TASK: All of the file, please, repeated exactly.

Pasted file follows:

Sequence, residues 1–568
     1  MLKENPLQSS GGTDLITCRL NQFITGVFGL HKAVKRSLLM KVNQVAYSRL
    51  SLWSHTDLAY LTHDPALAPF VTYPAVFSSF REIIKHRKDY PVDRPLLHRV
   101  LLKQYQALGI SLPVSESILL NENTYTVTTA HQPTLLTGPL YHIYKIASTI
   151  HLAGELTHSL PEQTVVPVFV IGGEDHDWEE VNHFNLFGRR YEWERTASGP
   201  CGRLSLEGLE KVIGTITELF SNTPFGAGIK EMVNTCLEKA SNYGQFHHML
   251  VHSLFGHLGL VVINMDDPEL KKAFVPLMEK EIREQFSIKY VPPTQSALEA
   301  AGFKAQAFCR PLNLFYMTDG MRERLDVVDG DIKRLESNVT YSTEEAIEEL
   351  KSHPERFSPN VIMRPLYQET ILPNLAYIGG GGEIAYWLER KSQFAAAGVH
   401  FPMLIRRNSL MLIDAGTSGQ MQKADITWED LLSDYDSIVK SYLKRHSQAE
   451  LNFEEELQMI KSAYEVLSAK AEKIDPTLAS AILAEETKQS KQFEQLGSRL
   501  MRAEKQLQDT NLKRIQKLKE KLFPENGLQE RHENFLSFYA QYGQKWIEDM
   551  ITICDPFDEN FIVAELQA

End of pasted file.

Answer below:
Sequence, residues 1–568
     1  MLKENPLQSS GGTDLITCRL NQFITGVFGL HKAVKRSLLM KVNQVAYSRL
    51  SLWSHTDLAY LTHDPALAPF VTYPAVFSSF REIIKHRKDY PVDRPLLHRV
   101  LLKQYQALGI SLPVSESILL NENTYTVTTA HQPTLLTGPL YHIYKIASTI
   151  HLAGELTHSL PEQTVVPVFV IGGEDHDWEE VNHFNLFGRR YEWERTASGP
   201  CGRLSLEGLE KVIGTITELF SNTPFGAGIK EMVNTCLEKA SNYGQFHHML
   251  VHSLFGHLGL VVINMDDPEL KKAFVPLMEK EIREQFSIKY VPPTQSALEA
   301  AGFKAQAFCR PLNLFYMTDG MRERLDVVDG DIKRLESNVT YSTEEAIEEL
   351  KSHPERFSPN VIMRPLYQET ILPNLAYIGG GGEIAYWLER KSQFAAAGVH
   401  FPMLIRRNSL MLIDAGTSGQ MQKADITWED LLSDYDSIVK SYLKRHSQAE
   451  LNFEEELQMI KSAYEVLSAK AEKIDPTLAS AILAEETKQS KQFEQLGSRL
   501  MRAEKQLQDT NLKRIQKLKE KLFPENGLQE RHENFLSFYA QYGQKWIEDM
   551  ITICDPFDEN FIVAELQA